09:00 GMT25 November 2020
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    This week marks the 75th anniversary of the sinking of the Wilhelm Gustloff, which still sits at the bottom of the Baltic Sea. The huge ship was sunk by a Soviet submarine as it carried thousands of refugees from the Eastern Front.

    In January 1945 the Second World War - known as the Great Patriotic War in Russia - was entering its final act with Nazi Germany embracing "total war" as its armed forces struggles to fend off the Red Army in the east and the British and US forces in the west.

    The Baltic port of Gotenhafen (now Gdynia in Poland) had been encircled by the Red Army during the Vistula-Oder offensive.

    It was that same offensive which liberated the Auschwitz concentration camp, as well as the Polish capital Warsaw and the historic city of Krakow.

    On 30 January 1945, just after 9pm, the commander of a Soviet submarine let loose four torpedoes as he tracked a huge ship which was travelling west, away from the Eastern Front and back towards Germany.

    Three of the torpedoes struck the ship, the Wilhelm Gustloff, on the port side, causing devastating damage which sent it down within 40 minutes.

    ​There were up to 10,000 people on board, including 5,000 children and around 1,000 Kriegsmarine (Germany Navy) personnel, and all but 500 of them perished in the icy waters of the Baltic.

    Little Sympathy for German Victims

    The atrocities committed at Auschwitz and the vast numbers who died in the Second World War - more than eight million people in the Soviet Union alone - meant there was little sympathy in Britain, France or the United States for the victims of the Wilhelm Gustloff or the General von Steuben, another passenger ship which was sunk by S-13 two weeks later with the loss of almost 4,000 lives.   

    Survivor Describes Relief Of Boarding The Wilhelm Gustloff

    One of the children on board was Jurgen Danöhl, who recalled years later the joy at boarding the ship after weeks of hunger and trekking through the snow as the Wehrmacht retreated in the face of the Red Army’s onslaught.

    ​Danöhl told the German broadcaster ZDF years later: "Mother said ‘children, we made it.’ No trudging through the snow. No frost. No more wet gloves. No wet feet. It was music to our ears. It was hope."

    Fjodor Danilov, one of the crew of the S-13, told ZDF: "Our goal was the same as always - destroy the enemy. We were supposed to seek and destroy transport ships. That was our mission."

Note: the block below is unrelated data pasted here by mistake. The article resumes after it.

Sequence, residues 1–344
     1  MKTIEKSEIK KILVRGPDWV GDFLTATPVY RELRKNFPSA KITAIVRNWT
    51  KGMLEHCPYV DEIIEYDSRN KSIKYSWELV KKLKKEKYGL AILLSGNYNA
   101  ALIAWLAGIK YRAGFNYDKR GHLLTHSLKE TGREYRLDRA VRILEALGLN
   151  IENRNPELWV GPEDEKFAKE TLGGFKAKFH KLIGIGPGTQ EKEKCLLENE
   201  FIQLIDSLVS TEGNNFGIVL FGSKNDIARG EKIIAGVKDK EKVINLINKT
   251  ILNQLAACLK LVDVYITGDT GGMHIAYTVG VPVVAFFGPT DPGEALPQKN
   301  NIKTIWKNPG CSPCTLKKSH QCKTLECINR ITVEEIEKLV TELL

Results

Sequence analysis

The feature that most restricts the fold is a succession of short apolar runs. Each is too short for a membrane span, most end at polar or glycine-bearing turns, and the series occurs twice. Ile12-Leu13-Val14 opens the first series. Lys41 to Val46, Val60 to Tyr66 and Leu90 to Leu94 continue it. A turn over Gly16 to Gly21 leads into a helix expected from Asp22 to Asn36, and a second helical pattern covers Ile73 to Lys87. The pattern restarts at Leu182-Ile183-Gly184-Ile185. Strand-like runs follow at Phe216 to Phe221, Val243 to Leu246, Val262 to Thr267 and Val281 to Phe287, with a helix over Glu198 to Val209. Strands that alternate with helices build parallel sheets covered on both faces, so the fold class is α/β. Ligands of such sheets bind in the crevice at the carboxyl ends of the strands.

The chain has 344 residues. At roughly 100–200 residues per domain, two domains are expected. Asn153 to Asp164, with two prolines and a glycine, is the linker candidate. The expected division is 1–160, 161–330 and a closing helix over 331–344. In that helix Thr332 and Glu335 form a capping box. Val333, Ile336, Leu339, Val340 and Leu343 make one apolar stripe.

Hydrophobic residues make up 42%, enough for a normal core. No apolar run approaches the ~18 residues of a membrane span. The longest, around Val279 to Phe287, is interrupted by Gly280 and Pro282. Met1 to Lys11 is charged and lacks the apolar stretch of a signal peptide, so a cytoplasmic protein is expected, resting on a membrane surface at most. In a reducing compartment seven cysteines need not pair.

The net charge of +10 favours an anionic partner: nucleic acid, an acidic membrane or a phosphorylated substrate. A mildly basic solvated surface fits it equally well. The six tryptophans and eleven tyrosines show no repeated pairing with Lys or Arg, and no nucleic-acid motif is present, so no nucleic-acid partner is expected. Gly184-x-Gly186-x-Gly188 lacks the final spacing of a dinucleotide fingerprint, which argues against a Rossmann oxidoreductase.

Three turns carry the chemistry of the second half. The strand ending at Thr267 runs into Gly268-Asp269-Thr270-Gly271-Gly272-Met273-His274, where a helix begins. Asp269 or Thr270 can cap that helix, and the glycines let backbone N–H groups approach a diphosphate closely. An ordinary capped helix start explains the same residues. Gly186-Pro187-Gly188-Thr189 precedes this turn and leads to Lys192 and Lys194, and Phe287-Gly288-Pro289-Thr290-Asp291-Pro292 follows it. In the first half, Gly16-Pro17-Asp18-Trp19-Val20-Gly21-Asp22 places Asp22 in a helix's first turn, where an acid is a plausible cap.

Ship Was Named After a Nazi 'Martyr'

    The Wilhelm Gustloff was the largest loss of life in maritime history but although thousands of civilians were killed it was not a breach of international law because the ship had been commandeered by the Kriegsmarine and was carrying military personnel and equipment.

    The ship was built as a passenger liner in 1937 for Kraft Durch Freude (Strength Through Joy), the Nazi regime’s leisure organisation.

    It was originally to be called the Adolf Hitler but the Fuhrer himself changed the name after sitting next to the widow of Gustloff, a Nazi leader in Switzerland who had been assassinated by a Jewish student in 1936.

    Gustloff was named a "blutzeuge" (martyr to the Nazi cause) and also had an SS squadron named after him.

    When the war broke out the Wilhelm Gustloff was taken over by the Kriegsmarine and converted into a hospital ship.

    Goebbels Declares 'Total War'

    Tragic though the loss of so many children’s lives was, it was arguably a direct result of Adolf Hitler’s refusal to accept his armed forces were facing defeat.

    In February 1943 - a few days after a German field marshal surrendered for the first time, at Stalingrad, Joseph Goebbels made a famous speech in which he declared “total war” against the Soviet Union, Britain and the US.

    ​To Goebbels “total war” meant offering no mercy to civilians and also expecting German civilians to sacrifice everything for the war effort, including their lives.

    So the loss of about 12,000 civilian lives on the Wilhelm Gustloff and the General von Steuben was an inevitable consequence of the continuation of the “total war” long after Germany had any chance of victory.

    ​In 2011 the Polish government imposed an exclusion zone around the wreck, which is around 30 miles offshore, north of the town of Łeba.

    The exclusion zone was designed to protect the wreck - which is essentially a mass graveyard - from divers hunting for treasure or war trophies.

    Is the Amber Room at the Bottom of the Baltic?

    Among the treasure that divers were looking for were the remains of the legendary Amber Room, which was pilfered from a palace outside Leningrad in 1941 and taken to the city of Konigsberg (now Kaliningrad) in what was then East Prussia.

    One theory is that sections of the Amber Room were placed in the hold of the Wilhelm Gustloff by Erich Koch, a Nazi Gauleiter or regional leader, when East Prussia was evacuated in January 1945.

    Koch died in a Polish prison in 1986, but never gave up the secret of the Amber Room, which would be worth around £500 million today.

    The commander of the S-13, Alexander Marinesko, was the Odessa-born son of an ethnic Romanian sailor but was demoted in October 1945 because of his heavy drinking and died in obscurity in 1963, aged 50.

    But his reputation was rehabilitated by Mikhail Gorbachev in 1990 and he was posthumously awarded a Hero of the Soviet Union medal.

    He is buried in Bogoslovskoye cemetery in his native St Petersburg.

    Tags:
    Kaliningrad, Poland, Nazi Germany, Soviet Union, Baltic, Second World War
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